In Brandon’s play, this cognitive standard was intertwined with the math standard “explores and describes spatial relationships and shapes” (Heroman et al. 2010). To think through the different iterations of his creation, Brandon had to demonstrate an understanding of the shapes he used and those shapes’ relationships to each other. As he added more sections, he recognized that it changed the shape of his work, prompting him to ask, “What does it look like now?”
Acknowledging, embracing, and building on the interdisciplinary nature of play create spaces for richer, more meaningful math content learning.
Understanding how cognitive and math standards complement each other in children’s play changed the way I viewed mathematics content learning. Real-world knowledge is not compartmentalized into categories; in actuality, ways of knowing overlap. This points to the importance of interdisciplinary learning. For authentic, meaningful learning to happen within early childhood, children should be encouraged to understand the connections that exist across domains (Hafidah et al. 2020). When this occurs, they are more likely to remember and apply their experiences. Acknowledging, embracing, and building on the interdisciplinary nature of play create spaces for richer, more meaningful math content learning.
Connections to Lived Experiences
Research Question: How can questions draw on children’s social and cultural contexts to support their thinking during math play?
It is a busy center time, and all the children are engrossed in their self-directed play. I sit with Erica and Stephanie, who have chosen separate puzzles to solve. Stephanie starts with the edge pieces while Erica begins solving her puzzle in a random manner. Curious, I ask, “How are you solving the puzzle?”
Stephanie responds first. “Well, I’m getting all these pieces. Ms. Gina told me to do the edge pieces first.” Then Erica chimes in: “And Mommy told me to do the shape pieces you can’t quite get last.”
In over half of the play scenarios I observed, children used their lived experiences to support their play and, by extension, their mathematical thinking. In this example, I was curious as to why Stephanie and Erica were using two different techniques to solve their puzzles—an activity rich with opportunities to problem solve and explore spatial relations. Upon inquiring, the children referenced lived experiences: Stephanie referred to advice received from a classroom teacher; Erica pulled from conversations held at home. Each came from a unique place centered on their own experiences.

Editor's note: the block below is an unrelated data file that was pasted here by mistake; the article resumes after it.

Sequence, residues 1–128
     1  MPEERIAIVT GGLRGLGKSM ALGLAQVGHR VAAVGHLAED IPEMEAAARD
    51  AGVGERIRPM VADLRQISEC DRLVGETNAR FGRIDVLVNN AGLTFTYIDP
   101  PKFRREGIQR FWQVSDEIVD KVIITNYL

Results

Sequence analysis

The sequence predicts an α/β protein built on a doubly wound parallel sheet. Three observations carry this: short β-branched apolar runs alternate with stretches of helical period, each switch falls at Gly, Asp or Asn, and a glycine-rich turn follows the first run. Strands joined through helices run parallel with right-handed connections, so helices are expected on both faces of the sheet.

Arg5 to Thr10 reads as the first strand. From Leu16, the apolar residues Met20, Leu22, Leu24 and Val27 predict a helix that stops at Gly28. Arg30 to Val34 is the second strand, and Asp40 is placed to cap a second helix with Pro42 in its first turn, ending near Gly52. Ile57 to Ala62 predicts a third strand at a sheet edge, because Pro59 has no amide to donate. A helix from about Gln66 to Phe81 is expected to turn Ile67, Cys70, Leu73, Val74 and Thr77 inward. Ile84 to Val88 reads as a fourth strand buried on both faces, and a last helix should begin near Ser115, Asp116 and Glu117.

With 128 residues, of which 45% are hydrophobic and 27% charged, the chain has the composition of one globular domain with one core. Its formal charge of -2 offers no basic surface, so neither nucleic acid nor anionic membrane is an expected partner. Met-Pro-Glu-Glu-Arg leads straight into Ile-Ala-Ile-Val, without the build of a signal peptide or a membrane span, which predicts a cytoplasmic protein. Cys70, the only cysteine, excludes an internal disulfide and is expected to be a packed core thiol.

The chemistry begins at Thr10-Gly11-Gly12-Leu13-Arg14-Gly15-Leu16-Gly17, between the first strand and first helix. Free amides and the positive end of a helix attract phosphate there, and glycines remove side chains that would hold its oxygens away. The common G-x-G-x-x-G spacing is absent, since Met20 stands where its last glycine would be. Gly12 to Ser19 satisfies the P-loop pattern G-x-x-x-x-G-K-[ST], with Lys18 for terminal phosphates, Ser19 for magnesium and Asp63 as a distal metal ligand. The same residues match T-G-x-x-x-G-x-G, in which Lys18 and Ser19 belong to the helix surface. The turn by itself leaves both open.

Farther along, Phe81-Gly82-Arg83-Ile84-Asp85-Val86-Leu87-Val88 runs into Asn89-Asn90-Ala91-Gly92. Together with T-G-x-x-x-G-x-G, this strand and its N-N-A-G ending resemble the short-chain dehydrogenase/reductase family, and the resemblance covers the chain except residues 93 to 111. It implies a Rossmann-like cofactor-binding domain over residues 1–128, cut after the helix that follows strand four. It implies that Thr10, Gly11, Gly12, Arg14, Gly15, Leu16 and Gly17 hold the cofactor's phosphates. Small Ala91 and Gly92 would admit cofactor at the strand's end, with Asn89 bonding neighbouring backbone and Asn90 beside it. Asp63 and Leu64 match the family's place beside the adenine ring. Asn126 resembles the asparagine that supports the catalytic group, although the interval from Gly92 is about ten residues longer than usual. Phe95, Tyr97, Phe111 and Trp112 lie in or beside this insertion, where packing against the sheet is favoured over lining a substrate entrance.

Asking how Stephanie and Erica solved their puzzles helped me not only understand the techniques each was using, but also the roots of those techniques. This, in turn, allowed me to individually support them in their mathematical play while acknowledging, respecting, and valuing their chosen methods of approaching the task.
Austin and Stephanie are playing with marble tracks in an open space when Austin yells, “The floor is lava!”
“Oh, no!” I respond. “Maybe you can add something to your track so your marble does not hit the lava?”
“We won’t,” Austin says, pointing toward Stephanie’s tracks. “The lava is over there.”
Stephanie glances up, overhearing our conversation. She puts a green magnetic tile under the front, pink part of her marble track, creating a barrier between the marble and the pretend lava. “Look!” she says. “Now the marble won’t touch the lava!”
“That is so cool!” I lean forward, examining her structure more closely. “I notice the marble does not leave your structure. Why does it stop at the end?” Stephanie points to the raised pink bar. “Because of this.”
“So, is it bigger than the marble?” I ask. “Uh huh,” she says.
In this example, Stephanie and Austin are operating under a shared lived experience involving a game called the floor is lava. The entire class, including myself, played this game nearly every day. Because of their mutual understanding of the game, Stephanie and Austin created a joint play scenario where they used their knowledge of quantifying, comparisons, and spatial relations to help them avoid the lava. Additionally, I used my understanding of the game to question the children in a way that was cohesive with the play scenario yet addressed key content standards.